Major credit card companies, including Visa, MasterCard, American Express, Discover, and JCB, acted against the increased number of data security breaches by coming together to create the PCI Security Standards Council. This Council developed a security standard for merchants that process credit card data, known as the Payment Card Industry Data Security Standard (PCI DSS). The PCI DSS encourages and enhances cardholder data security by providing globally-recognized data security measures. Merchants, service providers, and subservice providers that store, transmit, or process cardholder data, including credit, debit, or other payment cards, are required to adhere to the PCI DSS. The PCI DSS audit is designed to test whether your organization is compliant with the 12 technical and operational requirements established to protect cardholder data.
What Do You Need to Know Before Your PCI Audit?
When it comes to preparing for your PCI audit and securing your cardholder data environment (CDE), it’s important to understand where all of your sensitive assets lie. Taking an inventory to identify any and all locations with stored cardholder data and performing a thorough search of all systems to identify cardholders and track data is a critical PCI audit preparation step.
The scope of your CDE determines the extent to which all PCI DSS controls must be in place. Common issues with PCI compliance are a result of scoping errors. Any personnel, processes, or technologies that store, process, or transmit cardholder data are considered to be within your CDE and, therefore, in scope for your PCI audit. These assets include:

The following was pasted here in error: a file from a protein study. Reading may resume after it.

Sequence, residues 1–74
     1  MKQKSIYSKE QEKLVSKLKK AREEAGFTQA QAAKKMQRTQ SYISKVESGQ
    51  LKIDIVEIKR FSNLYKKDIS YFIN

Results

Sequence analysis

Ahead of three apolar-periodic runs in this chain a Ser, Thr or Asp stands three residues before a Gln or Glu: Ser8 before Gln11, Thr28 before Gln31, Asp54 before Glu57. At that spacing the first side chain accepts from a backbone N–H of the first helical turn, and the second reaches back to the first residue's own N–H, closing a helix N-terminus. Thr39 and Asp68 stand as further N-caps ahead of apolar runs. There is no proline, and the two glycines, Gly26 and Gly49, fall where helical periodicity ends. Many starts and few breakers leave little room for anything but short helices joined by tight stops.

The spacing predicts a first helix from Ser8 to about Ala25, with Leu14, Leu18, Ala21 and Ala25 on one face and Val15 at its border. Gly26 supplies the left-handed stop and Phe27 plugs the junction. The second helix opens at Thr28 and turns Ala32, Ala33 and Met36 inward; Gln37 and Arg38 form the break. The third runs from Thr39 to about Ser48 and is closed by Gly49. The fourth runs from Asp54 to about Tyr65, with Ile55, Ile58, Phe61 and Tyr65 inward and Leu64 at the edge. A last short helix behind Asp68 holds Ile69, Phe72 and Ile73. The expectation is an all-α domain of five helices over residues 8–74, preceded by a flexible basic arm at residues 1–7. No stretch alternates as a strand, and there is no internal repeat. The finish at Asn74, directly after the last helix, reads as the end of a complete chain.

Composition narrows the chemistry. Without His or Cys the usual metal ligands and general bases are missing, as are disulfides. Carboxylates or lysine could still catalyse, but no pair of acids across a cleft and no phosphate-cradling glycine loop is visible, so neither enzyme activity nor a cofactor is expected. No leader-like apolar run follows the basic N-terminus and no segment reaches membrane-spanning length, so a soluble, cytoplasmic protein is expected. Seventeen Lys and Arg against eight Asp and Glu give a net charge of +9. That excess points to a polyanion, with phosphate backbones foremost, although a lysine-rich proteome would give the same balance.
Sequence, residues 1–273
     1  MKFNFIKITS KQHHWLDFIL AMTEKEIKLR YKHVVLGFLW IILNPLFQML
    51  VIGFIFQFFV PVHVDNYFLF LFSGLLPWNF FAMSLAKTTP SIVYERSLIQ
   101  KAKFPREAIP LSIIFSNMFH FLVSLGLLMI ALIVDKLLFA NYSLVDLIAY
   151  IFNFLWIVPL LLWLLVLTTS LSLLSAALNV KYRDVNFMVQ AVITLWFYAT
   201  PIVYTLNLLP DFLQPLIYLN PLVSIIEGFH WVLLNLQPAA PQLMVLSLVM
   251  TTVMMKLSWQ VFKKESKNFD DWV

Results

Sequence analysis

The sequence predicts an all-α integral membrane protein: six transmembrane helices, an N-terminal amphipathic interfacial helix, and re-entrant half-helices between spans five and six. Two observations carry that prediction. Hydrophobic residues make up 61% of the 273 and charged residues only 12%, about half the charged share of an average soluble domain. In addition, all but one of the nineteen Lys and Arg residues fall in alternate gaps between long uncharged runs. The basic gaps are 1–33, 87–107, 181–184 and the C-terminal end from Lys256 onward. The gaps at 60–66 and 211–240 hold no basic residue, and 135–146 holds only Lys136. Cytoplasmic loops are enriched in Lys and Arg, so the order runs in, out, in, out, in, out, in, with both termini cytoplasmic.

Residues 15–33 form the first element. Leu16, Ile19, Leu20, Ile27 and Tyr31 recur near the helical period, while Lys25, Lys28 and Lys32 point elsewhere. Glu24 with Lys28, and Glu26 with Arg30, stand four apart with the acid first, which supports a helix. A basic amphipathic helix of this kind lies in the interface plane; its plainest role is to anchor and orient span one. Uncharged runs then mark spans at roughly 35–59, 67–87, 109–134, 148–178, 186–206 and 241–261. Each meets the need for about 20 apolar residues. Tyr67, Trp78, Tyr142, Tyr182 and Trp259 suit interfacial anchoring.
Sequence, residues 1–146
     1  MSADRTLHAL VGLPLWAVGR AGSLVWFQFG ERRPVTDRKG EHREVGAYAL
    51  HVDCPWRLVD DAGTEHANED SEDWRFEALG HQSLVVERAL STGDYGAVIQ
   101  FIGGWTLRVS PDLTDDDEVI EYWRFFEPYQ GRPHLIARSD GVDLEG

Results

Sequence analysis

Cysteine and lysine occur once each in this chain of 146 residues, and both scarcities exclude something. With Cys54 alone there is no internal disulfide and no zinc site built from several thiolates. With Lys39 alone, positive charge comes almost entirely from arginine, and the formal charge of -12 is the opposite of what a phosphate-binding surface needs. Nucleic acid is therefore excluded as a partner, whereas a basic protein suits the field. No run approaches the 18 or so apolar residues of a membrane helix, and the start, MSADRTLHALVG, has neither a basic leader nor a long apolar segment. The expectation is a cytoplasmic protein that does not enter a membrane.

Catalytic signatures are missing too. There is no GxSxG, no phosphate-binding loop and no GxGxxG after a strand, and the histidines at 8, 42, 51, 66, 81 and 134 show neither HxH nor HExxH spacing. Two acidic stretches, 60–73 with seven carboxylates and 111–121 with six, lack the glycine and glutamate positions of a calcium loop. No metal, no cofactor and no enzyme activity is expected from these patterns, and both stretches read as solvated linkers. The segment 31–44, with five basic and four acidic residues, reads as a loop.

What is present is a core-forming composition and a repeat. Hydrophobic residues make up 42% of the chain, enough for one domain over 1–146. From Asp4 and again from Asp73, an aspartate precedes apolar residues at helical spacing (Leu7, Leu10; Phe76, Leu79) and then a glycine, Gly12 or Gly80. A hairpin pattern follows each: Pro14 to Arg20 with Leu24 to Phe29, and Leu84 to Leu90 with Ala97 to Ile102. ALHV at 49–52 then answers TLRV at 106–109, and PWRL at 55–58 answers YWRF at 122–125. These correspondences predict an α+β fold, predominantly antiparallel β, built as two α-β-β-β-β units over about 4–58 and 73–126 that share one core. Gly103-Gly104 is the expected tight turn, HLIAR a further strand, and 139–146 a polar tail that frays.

- Any devices that provide security/authentication services, such as firewall, router, or patching servers
- Any asset that is connected to the CDE
- Any routing rules that allow traffic into the CDE
- Any asset that can impact CDE security in any way
To reduce the scope of your PCI audit and assessment, you can use logical and physical controls to ensure network segmentation. Segmentation is the use and implementation of additional security controls to separate systems with different security needs. These controls commonly include firewall and router configurations to deny traffic passing from out-of-scope networks and the CDE, network hardening standards, and physical access controls.